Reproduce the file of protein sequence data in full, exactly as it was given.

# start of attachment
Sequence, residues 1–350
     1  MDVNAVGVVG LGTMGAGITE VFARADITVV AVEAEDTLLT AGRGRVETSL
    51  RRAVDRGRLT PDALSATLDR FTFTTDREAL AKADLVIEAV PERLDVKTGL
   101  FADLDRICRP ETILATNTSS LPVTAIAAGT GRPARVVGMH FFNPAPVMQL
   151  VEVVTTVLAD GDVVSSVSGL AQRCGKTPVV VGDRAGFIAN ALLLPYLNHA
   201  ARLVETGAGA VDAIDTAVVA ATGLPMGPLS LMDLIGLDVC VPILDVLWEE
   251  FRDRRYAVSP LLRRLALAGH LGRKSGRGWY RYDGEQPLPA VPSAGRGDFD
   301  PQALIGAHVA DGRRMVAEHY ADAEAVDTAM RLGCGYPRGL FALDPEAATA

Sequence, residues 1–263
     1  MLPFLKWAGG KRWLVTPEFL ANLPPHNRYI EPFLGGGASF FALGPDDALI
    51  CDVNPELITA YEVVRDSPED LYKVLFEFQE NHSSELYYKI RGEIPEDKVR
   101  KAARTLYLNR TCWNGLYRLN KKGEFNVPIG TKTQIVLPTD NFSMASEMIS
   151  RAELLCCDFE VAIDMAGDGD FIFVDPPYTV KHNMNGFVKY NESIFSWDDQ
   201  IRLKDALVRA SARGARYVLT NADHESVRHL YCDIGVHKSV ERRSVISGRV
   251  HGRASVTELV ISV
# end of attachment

Sequence, residues 1–350
     1  MDVNAVGVVG LGTMGAGITE VFARADITVV AVEAEDTLLT AGRGRVETSL
    51  RRAVDRGRLT PDALSATLDR FTFTTDREAL AKADLVIEAV PERLDVKTGL
   101  FADLDRICRP ETILATNTSS LPVTAIAAGT GRPARVVGMH FFNPAPVMQL
   151  VEVVTTVLAD GDVVSSVSGL AQRCGKTPVV VGDRAGFIAN ALLLPYLNHA
   201  ARLVETGAGA VDAIDTAVVA ATGLPMGPLS LMDLIGLDVC VPILDVLWEE
   251  FRDRRYAVSP LLRRLALAGH LGRKSGRGWY RYDGEQPLPA VPSAGRGDFD
   301  PQALIGAHVA DGRRMVAEHY ADAEAVDTAM RLGCGYPRGL FALDPEAATA

Sequence, residues 1–263
     1  MLPFLKWAGG KRWLVTPEFL ANLPPHNRYI EPFLGGGASF FALGPDDALI
    51  CDVNPELITA YEVVRDSPED LYKVLFEFQE NHSSELYYKI RGEIPEDKVR
   101  KAARTLYLNR TCWNGLYRLN KKGEFNVPIG TKTQIVLPTD NFSMASEMIS
   151  RAELLCCDFE VAIDMAGDGD FIFVDPPYTV KHNMNGFVKY NESIFSWDDQ
   201  IRLKDALVRA SARGARYVLT NADHESVRHL YCDIGVHKSV ERRSVISGRV
   251  HGRASVTELV ISV